Late in 2008 a big Recession hit North America and Lambton Yard was once again closed in April 2009. This eliminated four yard jobs; 10A 18C 19B and 80D. (last job 10A engine 1578-1013 Sunday, April 26, 2009) Also 250A Transfer ex Toronto Yard. Local trains (Streetsville RS, Obico A and Obico B) were relocated to Toronto Yard. Recovery of traffic brought about changes starting before Christmas 2010 when a yard engine (3 man crew inc. engineer, no more "Pitch and Catch" remote control) was established "24x7" as they say. These four jobs were called Lifter 1, etc. and were used to switch cars being lifted by outbound trains such as Honda traffic from Aliston. A Spence job operating to Toronto Yard was rerouted into Lambton to save travel time and delay. These were the only jobs. No other positions, management or car department were re-established. Finally, in May of 2011 the yard was fully reopened with a supervisor of train operations around the clock. (Down from 5-7 management people previously at Lambton). Local trains were moved back including the Emery, Obico and Streetsville jobs. A carman on days and afternoons was also restored.


Connecting Track at the Diamond

A new wye track was also built from the MacTier south and west into West Toronto Yard, opened July 19, 1999. Additionally, moves could now be made to and from the Galt Sub. to Obico. It not only made possible this move but also permitted trains to move easily in and out of the yard without backup moves which had become particularly difficult with the removal of vans (cabooses). In fact this connection had been proposed 50 years earlier! All trains to the MacTier Sub. from Lambton Yard and from MacTier to West Toronto Yard required a backup move either across the Diamond to the North Toronto Sub. or down the Galt Sub. in front of the Depot. When Lambton was the main marshalling yard this made for a lot of delay, although crews were used to doing this (without radios!), with a man on the rear platform watching and whistling, using the backup hose which included a whistle and an emergency brake valve. The whistle gave off a unique shrill blast that could be modified by holding and releasing your hand over it to give urgent warning signals. It was nowhere near as loud as a diesel horn, let alone a steam locomotive whistle, but it sufficed as a warning due to its shrillness.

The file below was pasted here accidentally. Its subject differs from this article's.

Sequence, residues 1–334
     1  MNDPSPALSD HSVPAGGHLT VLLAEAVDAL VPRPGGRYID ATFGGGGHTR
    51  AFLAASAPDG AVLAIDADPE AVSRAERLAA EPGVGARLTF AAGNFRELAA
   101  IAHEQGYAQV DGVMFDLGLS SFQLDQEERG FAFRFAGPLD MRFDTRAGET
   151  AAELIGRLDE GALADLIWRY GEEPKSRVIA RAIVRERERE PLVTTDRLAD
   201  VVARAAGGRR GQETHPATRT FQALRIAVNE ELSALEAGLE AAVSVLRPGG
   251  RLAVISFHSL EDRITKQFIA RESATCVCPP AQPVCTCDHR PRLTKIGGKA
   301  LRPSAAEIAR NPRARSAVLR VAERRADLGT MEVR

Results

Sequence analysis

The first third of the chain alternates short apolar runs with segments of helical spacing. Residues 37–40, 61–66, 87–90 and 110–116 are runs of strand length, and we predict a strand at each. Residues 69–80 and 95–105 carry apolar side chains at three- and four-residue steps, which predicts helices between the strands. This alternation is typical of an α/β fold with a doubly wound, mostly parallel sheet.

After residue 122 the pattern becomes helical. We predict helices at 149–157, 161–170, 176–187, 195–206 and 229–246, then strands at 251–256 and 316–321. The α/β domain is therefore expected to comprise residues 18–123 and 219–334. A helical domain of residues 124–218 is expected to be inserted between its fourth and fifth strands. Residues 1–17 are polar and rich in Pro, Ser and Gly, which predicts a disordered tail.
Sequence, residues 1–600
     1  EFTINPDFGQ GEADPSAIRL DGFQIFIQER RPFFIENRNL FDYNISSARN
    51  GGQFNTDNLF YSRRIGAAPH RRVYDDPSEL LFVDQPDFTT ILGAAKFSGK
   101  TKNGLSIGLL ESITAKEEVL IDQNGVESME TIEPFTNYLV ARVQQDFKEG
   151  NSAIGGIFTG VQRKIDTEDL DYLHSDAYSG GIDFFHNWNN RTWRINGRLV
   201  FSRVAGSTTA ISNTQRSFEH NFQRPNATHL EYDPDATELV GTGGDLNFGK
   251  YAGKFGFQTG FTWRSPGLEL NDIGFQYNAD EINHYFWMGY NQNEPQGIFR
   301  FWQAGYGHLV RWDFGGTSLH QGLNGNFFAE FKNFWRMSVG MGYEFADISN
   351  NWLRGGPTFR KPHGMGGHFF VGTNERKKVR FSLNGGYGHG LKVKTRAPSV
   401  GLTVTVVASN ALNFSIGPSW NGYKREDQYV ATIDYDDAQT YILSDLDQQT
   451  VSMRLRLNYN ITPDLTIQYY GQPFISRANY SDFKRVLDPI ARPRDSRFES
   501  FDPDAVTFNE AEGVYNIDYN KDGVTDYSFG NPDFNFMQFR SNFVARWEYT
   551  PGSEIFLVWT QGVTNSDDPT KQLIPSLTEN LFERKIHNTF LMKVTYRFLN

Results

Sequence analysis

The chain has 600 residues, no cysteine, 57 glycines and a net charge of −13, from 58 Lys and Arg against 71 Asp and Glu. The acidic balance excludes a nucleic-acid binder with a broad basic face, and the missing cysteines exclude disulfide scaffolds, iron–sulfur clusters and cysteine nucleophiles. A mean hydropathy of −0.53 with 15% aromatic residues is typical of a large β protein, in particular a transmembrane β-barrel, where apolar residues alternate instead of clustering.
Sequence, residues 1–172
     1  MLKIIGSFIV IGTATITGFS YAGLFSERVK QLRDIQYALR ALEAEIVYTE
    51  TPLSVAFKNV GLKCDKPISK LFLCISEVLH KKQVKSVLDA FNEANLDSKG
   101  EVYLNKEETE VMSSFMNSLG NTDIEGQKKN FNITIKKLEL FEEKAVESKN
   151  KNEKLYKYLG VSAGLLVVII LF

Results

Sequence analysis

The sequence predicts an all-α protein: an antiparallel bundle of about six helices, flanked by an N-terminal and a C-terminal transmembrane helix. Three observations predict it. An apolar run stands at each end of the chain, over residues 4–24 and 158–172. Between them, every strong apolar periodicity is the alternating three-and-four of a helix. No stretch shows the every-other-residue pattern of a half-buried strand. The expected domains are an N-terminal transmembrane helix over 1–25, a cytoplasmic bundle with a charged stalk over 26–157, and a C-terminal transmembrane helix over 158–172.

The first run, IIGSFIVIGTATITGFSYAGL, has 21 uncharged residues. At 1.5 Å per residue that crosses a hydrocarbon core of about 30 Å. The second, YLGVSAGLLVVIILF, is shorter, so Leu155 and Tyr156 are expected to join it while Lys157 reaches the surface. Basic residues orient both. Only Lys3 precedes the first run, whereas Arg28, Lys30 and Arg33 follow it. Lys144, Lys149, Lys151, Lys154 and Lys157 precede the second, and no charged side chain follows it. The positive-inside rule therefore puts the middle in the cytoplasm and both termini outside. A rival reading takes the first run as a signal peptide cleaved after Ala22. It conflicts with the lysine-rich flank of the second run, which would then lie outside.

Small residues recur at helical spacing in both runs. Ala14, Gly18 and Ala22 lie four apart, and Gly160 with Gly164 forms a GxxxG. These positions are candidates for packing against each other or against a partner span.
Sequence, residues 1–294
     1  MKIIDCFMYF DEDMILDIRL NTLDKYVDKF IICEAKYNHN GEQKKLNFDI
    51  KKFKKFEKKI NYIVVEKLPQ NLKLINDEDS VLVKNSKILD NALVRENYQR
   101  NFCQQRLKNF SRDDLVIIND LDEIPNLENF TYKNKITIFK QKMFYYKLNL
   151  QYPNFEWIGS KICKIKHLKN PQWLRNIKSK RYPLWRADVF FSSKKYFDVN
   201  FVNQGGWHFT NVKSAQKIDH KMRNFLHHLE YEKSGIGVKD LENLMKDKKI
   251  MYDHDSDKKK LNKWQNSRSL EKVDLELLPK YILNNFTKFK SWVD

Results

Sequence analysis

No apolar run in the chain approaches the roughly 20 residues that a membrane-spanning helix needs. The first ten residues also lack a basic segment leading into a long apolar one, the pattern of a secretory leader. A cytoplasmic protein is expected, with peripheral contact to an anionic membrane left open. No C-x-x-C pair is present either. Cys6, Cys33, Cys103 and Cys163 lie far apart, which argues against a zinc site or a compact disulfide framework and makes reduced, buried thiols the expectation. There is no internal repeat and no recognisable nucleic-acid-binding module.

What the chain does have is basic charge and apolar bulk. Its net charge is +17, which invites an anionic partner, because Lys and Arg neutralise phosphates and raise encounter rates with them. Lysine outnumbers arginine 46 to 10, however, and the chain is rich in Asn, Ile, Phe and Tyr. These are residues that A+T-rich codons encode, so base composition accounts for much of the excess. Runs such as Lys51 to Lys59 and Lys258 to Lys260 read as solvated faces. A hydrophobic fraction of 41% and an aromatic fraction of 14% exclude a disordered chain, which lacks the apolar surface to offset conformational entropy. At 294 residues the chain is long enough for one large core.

CNR Interchange

One somewhat minor change resulted in history being made at Lambton Yard, when for the first time CNR trains began entering Lambton. This happened when the Interchange location was changed from Leaside to Lambton. West Toronto interchange had closed June 16, 1986 due to sharp curvature problems for new multi-level autocarriers. In the 1950's major Interchange points (places where cars were exchanged between CPR & CNR), were at West Toronto, opposite the Depot, accessed off the Old Bruce, and Parkdale/Bathurst St. While minor points included, Leaside, Cherry Street, Keating Street, Weston, and New Toronto. Consolidation of these points due to reduced traffic and a desire to make less interchanges resulted in Leaside being chosen as the only point in the Toronto area. The CNR brought their cars to Leaside for the CPR and the Transfer would handle cars between there and Toronto Yard and vice-versa. Following the closing of Leaside, the CPR took over switching the remaining four industries (APCO, House of Metals, J.R.Short and Colgate Palmolive) for CN. The first CN train on December 27, 1999 was led by CN 9433 as it pulled into West Toronto Yard via a new Connecting Track at Mile 5.48 of CN Weston Sub. (near where the single track ends), onto the CP MacTier Sub. at Mileage 0.58.

Looking northwest, Connecting track at left, Diamond with double track CNR Weston Sub.
MacTier Sub. (hidden), Andrew Merrilees Ltd. is on the right. R.L.Kennedy

Looking same direction, but on Old Weston Road, Connecting Track in foreground,
MacTier Sub. on the right, CNR Weston Sub. on left. Site of CNR West Toronto station behind pole,
in distance is derelict CN Express building. R.L.Kennedy

Same spot as last picture but, looking south. MacTier Sub. on left curves to the east.
Connecting track curves to west over double tracked CN Weston Sub., to enter West Toronto yard.
Note heavily clipped rails due to sharp curvature and grade, no spikes here! R.L.Kennedy


Today Lambton Yard still performs a vital role in handling freight traffic to and from all parts of Canada and the US although most of it is no longer for local industries since they have nearly all left the West Toronto area, many simply no longer in existence. What the future holds no one knows for sure but it is likely that Lambton Yard will continue to be of use for some time to come.